Weekly Market Commentary By H.E.R.O. (5 to 9 July 2021)
U.S. stocks registered more fresh record highs, rebounding on Friday from the biggest one-day drop in about three weeks on Thursday fueled by concerns about global growth amid the spread of Covid-19 variants, even though Russell 2000 index retreated -1.1%. Thursday's mini rout started with one of the ugliest market opens in history in the form of the 4th lowest NYSE TICK print (which measures buying/positive vs selling/negative ticks, i.e., program buying and selling) in history and the worst market breadth since the dot-com bubble, as traders freaked out over fresh covid pandemic fears due to the soaring number of delta cases around the globe. Outside of the U.S., global stocks are generally down, with MSCI All World index flat, Hang Seng -3.4%, MSCI China -3.5%, Topix -2.3%, Stoxx -0.4%. China’s central bank cut the amount of cash most banks must hold in reserve, while the European Central Bank on Thursday indicated it will tolerate an inflation overshoot, implying an even longer period of loose policy. Asia is emerging as the epicenter for investor worries over global growth and the spread of coronavirus variants as China’s easing stokes concern. Investors took the cut in banks’ reserve ratio requirement as a signal that Chinese second-quarter GDP data due next week might fall short of market expectations, after a sudden plunge in June services PMI, the largest one-month drop outside of the catastrophic February 2020. Chinese ports and factory districts have been grappling with outbreaks of the Delta variant of coronavirus, as have an increasing number of countries around the world. In Japan, Tokyo has declared a renewed state of emergency to combat the resurgent virus, banning spectators from the Olympics and pushing the Nikkei 225 Stock Average toward a correction. South Korea is intensifying social distancing measures in Seoul while Indonesia is battling a virus resurgence that has crippled its health system. Sydney has had a strict stay-at-home order in force since late last month. The number of new cases in Spain has risen eightfold in two weeks, to a daily 100,000. Following the Delta and Lambda virus variants, researchers in California have also discovered during the week the “triple mutation” epsilon variant.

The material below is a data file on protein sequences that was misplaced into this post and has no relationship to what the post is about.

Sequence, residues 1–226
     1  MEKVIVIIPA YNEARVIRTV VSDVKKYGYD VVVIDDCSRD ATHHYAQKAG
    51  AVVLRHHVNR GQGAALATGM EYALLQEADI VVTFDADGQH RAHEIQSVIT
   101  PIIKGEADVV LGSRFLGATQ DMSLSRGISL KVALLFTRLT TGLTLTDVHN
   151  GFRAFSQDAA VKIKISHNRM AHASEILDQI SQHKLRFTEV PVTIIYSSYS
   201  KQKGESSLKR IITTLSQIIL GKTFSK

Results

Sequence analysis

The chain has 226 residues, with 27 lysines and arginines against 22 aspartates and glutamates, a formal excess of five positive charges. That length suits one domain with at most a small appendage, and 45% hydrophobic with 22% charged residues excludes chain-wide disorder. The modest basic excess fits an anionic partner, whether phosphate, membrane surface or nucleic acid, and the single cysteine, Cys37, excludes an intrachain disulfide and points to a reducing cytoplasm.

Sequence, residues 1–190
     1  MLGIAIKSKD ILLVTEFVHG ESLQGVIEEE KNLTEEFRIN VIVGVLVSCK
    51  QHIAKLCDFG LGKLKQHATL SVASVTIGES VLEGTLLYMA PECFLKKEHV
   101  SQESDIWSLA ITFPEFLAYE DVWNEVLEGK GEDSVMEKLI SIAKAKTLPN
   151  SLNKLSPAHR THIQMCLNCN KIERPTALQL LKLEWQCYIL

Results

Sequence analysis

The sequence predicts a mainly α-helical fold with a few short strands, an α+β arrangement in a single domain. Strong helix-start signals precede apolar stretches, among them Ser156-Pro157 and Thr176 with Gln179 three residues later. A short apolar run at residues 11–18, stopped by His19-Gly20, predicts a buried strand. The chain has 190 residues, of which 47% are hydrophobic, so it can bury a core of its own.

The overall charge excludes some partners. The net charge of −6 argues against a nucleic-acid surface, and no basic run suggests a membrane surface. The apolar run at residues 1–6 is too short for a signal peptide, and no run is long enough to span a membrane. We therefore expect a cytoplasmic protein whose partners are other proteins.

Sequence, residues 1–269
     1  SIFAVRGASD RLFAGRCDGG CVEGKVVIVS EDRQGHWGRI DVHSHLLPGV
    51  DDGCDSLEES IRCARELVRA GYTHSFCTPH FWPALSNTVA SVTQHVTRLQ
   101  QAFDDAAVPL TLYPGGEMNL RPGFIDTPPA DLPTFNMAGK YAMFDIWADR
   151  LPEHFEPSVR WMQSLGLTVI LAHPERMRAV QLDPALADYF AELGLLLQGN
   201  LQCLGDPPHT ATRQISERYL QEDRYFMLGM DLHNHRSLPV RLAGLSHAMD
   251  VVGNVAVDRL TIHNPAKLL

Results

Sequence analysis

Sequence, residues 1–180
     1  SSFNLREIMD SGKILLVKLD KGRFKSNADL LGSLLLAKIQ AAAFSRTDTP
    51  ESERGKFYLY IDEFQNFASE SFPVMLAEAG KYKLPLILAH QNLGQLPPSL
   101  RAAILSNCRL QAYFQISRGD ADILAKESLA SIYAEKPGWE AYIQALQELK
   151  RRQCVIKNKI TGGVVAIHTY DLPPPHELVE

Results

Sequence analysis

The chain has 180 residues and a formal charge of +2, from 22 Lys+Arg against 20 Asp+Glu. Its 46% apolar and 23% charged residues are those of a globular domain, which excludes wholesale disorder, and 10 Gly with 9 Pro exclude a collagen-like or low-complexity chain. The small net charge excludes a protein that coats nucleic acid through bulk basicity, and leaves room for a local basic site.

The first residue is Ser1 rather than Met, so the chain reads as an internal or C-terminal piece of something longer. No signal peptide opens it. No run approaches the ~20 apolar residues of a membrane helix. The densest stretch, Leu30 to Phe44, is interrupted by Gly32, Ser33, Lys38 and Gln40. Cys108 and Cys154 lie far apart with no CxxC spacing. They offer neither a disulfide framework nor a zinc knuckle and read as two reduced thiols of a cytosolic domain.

Just a couple of weeks ago, the market narrative was that not only was the economy recovering, it was recovering too fast and sparking fears of runaway inflation, but now the worry is that the recent economic surge is already waning and there’s increasing nervousness about growth. U.S. Treasuries rallied sharply this week on fears that economic growth may slow in the second half, pushing yields to plunge to levels not seen since February. The speculative market consensus that took months to build, namely that robust rapid broad-based economic growth and elevated inflation would bring about substantially higher interest rates, has been coming apart, and the pain for those caught in the reopening/reflation trade has heightened during the week. The speculative retail meme stocks are on the brink of a bear market as retail frenzy fades. Markets remain in flux and are at a major inflection point as traders flip-flopped to reposition against the backdrop of “peak in growth, a peak in inflation and a peak in policy stimulus” and are re-evaluating the prospects for future monetary tightening. Meanwhile, Biden signed an executive order late Friday that will establish a Federal Trade Commission policy to more closely scrutinize mergers by dominant internet platforms, especially those seeking to buy growing competitors, those offering free products, or accumulating large amounts of data, taking aim at the Big Tech in Google, Amazon, and Apple. Megacap tech stocks have been behaving like bond proxies, which not only undermines portfolio diversification efforts but increases the stock market’s vulnerability to a pickup in rates amidst corporate credit spreads at historic tights, raising the risk for complacent traders chasing Big Tech which could be locked into a generally downward correction trend over the next few months and quarters.